Mental Athletic Development (MAD) actions boost your brain’s performance Mental skills are an essential part of being an athlete and are essential for coping and leading effectively under pressure.
Added on 23 July 2012 by Erika Lucas
Mental Athletic Development (MAD) actions boost your brain’s performance
Mental skills are an essential part of being an athlete and are essential for coping and leading effectively under pressure. In this uncertain economic environment it has never been more important for business leaders to have the skills and inner resources to be able to perform under pressure and make the right decisions.
John Neal director of the Sport Business Initiative at Ashridge works as a performance coach throughout the world and has a 25 year career working at the top level in sport business and the Services. He delivered the Elite Coach Development programme and Elite Mentor programme for UK Sport in the lead up to the 2012 Olympics and is one of the country’s foremost psycho-physiologists specialising in exercise physiology and sports psychology.
John has pioneered and progressed mental development programmes and is a recognised leader in the field of Mental Athletic Development (MAD) and in improving performance under pressure. Here are some of his tips for improving brain functioning:
Why do mental athletics?
Mental Athletics help to manage the intensity of your emotional responses to stress by learning mental techniques to maintain your focus in the present. They help the skills and speed of the brain as well as increasing the cognitive function and effectiveness of both sides of the brain.
Try these MAD actions
1. Texting with the left hand (or right hand if you are left handed). The brain and body are cross-wired so that the left hemisphere of the brain controls the right side of the body and vice versa. Research clearly indicates that physical exercises involving opposite sides of the brain can improve decision making and thinking under pressure.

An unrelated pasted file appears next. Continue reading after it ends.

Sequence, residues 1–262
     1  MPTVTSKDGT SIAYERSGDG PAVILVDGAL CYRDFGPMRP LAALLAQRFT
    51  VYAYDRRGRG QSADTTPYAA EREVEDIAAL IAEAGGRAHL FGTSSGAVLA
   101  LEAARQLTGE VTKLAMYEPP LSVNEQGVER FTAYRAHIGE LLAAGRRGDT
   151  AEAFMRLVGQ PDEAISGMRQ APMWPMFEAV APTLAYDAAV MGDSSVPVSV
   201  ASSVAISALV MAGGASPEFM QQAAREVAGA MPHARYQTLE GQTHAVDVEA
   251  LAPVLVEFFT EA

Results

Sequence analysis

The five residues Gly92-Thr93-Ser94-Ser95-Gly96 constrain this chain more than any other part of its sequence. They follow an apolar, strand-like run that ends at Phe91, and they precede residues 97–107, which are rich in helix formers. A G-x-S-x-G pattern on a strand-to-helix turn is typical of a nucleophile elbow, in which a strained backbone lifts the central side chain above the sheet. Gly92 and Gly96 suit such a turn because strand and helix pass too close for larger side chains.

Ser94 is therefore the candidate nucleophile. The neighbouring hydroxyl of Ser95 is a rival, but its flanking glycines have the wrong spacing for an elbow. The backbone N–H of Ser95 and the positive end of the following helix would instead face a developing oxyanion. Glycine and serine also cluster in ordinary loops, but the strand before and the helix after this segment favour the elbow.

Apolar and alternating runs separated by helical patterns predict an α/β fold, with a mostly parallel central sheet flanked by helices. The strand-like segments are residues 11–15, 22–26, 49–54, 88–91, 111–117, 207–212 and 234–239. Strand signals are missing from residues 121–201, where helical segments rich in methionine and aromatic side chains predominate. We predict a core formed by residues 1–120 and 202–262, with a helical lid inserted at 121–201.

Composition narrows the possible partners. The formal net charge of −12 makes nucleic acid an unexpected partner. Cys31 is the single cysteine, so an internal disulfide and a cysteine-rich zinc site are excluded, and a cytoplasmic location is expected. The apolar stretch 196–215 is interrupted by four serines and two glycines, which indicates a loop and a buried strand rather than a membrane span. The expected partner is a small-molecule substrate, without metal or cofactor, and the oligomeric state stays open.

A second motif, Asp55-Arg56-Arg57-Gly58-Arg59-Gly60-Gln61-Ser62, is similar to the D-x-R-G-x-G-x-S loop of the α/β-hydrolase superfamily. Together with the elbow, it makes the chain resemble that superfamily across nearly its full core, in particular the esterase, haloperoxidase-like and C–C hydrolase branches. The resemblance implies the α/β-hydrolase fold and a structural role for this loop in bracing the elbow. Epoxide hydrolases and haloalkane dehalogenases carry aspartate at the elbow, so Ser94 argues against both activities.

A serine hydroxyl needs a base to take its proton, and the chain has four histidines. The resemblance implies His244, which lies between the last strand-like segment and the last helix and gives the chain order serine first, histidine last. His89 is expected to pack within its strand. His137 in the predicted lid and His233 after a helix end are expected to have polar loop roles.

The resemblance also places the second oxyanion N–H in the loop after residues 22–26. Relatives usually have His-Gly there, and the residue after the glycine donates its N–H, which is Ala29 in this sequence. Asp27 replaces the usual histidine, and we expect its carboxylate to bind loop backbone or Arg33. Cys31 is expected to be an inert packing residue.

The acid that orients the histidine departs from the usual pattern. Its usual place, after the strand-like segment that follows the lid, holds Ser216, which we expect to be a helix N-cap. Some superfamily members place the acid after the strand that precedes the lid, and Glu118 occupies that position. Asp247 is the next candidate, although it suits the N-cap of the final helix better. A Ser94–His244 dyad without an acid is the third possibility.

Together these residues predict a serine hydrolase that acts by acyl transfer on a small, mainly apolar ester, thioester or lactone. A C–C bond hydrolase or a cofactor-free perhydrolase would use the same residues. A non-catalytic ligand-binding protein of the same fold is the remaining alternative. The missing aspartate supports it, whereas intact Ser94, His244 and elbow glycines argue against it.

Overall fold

2. Foot exercises. Make a circle with your left foot whilst doing a cross in the air with your right hand. Controlling the opposite side of your body with different activities increase the neural connections between the brain hemispheres.
3. Listening to two conversations. Concentrating on two sounds at the same time encourages your brain to scan and multitask an essential skill for effective listening and thinking.
4. Simulation training. Training exercises which simulate real events are excellent in creating the right level of challenge and pressure. With the right level of pressure we engage in the process and learn much more than through theoretical case studies.
Create your bucket list
Creative visualisation is a basic technique underlying positive thinking and is frequently used by athletes to enhance performance. Creative visualisation (sports visualisation) is about seeking to alter the perceptions of the individual of their environment and external world by changing thoughts and expectations.
Visualising the future can help with focus and motivation. Creating a ‘bucket list’ (a wish list of things to do before you kick the bucket) is one way to make sure that you use your time and resources in order to accomplish and experience what you really want.
Map out 5 things that you hope to do achieve or accomplish over the coming years. Then tick your goals off your list and focus on achieving your aspirations.
John Neal is the director of the Sport Business Initiative at Ashridge
As well as teaching on a range of Ashridge programmes John is currently psycho-physiologist at the MCC Lords and was performance coach to London Wasps RFC. He has prepared teams for four World Cups in two different sports. He has worked with a wide range of clients including RFU WRU RFUW The British Olympic Association Middlesex CCC plus blue chip companies such as Tetra Pak Orange GSK Yell.com and the BBC.